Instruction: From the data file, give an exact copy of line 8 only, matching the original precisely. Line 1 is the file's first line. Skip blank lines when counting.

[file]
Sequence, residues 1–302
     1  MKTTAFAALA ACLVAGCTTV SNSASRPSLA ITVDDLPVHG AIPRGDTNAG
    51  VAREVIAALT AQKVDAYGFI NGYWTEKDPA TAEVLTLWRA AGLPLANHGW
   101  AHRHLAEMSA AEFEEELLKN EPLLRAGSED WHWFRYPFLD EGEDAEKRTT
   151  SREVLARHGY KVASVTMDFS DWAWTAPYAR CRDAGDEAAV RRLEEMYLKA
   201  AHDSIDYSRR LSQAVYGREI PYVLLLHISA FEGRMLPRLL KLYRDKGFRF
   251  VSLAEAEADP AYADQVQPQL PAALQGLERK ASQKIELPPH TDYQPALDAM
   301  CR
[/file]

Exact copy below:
   301  CR